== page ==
One of my regular stops on my trips to San Francisco (which don’t happen nearly often enough) is The Jolika Collection of New Guinea Art at the de Young Museum. While I’m always enthralled by the Collection, I’m also always somewhat dismayed by how few other people are looking at it. Not that the de Young’s visiting exhibitions, or the other parts of its permanent collection like the huge American Art galleries, aren’t worth seeing. But every time I’m at the de Young, some sort of magnetism draws me back into the New Guinea rooms, as well as the adjacent collection of art from Africa. So I thought I’d spend a few paragraphs sharing my enthusiasm for this collection, hoping to encourage some of you to check it out.
Collected by Marcia and John Friede over four decades, The Jolika Collection of New Guinea Art includes a range of objects, some 400 of them, designed for ritual and everyday use and dating from the seventh century to nearly the present day. Some of the loveliest objects come from the Sepik River peoples of the island’s north side. (Spirit figure photo from The Zymoglyphic Museum Curator’s Web Log.)
Wood is probably the most commonly used material. Tree bark, bamboo, and rattan are also well represented; decorations include paint, seeds, shells, bones, clay, and feathers. There is some pottery, most of it utilitarian, and a few stone objects. Materials chosen for use were often derived from and symbolically linked to the earth, sea, and sky. The mythologies and rites depicted in the works aren’t always known, giving them an even greater sense of mystery and fascination. Filled with totemic figures of gods, figures from myth, and animals, many of the works are meant to evoke deceased ancestors and spirits. Among the themes represented is the life cycle of insects – from larva to chrysalis to adult – which serves as a metaphor for human life, death, and immortality. Read more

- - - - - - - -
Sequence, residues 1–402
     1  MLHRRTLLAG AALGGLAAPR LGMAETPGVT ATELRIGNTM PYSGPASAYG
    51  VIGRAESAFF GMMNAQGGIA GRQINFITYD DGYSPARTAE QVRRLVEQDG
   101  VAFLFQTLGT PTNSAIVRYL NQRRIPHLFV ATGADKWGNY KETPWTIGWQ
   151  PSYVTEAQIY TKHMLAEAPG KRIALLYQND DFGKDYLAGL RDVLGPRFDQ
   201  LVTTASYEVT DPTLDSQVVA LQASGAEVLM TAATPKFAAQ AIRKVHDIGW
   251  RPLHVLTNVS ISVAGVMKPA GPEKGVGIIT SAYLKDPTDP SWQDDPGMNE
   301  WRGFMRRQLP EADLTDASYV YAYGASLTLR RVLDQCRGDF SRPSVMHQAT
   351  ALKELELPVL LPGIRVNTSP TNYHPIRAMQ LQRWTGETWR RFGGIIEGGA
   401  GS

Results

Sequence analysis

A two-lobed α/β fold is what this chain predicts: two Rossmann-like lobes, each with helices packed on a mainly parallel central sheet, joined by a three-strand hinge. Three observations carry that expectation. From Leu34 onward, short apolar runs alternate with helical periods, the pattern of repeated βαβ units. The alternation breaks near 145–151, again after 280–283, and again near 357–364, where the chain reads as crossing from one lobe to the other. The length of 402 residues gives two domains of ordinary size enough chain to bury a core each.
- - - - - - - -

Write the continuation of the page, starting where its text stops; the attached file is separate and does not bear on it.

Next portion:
Where else but at the San Francisco Symphony’s mammoth American Mavericks concert series could one hear music by the likes of Edgard Varèse, John Adams, Charles Ives, John Cage, Henry Cowell, and Morton Feldman, played by one of the finest orchestras in the world, and all within a few days of one another? This series has called attention to major creative figures that, in a more culturally and artistically aware country, would be heralded as heroes and exemplars of the American spirit. I can’t imagine how much hard work went into these performances, but all kudos to Michael Tilson Thomas and the Orchestra for an amazing experience. Their performances were uniformly excellent, at least the equal of any recordings of these pieces (and generally, there aren’t very many) available.
For my third post on the American Mavericks series, I would like to talk about the concert of Thursday, March 15, featuring the San Francisco Symphony, conductors Michael Tilson Thomas (in three of the four pieces) and Donato Cabrera, pianist Emanuel Ax, organist Paul Jacobs, electronica from Mason Bates, the St. Lawrence String Quartet, and the San Francisco Symphony Chorus.
Two major world premieres occupied the first half of the program. Starting things off was Mass Transmission by Mason Bates, featuring chorus, organ, and electronic sounds created by Mr. Bates – all conducted by my friend Donato Cabrera, Resident Conductor of the San Francisco Symphony. Bates derived his texts from transcribed conversations, originally transmitted via wireless radio broadcast, between Dutch young people working as colonial pages in Indonesia and their families in the Netherlands – in particular a very touching conversation between a young girl in Java and her mother back home – as well as memories of how those broadcasts came about. As Bates says in the program notes, “These conversations are among the first important wireless radio transmissions across the world.” Obviously there are also broader implications here about the simultaneously connecting and alienating aspects of technology, back then as well as today. Read more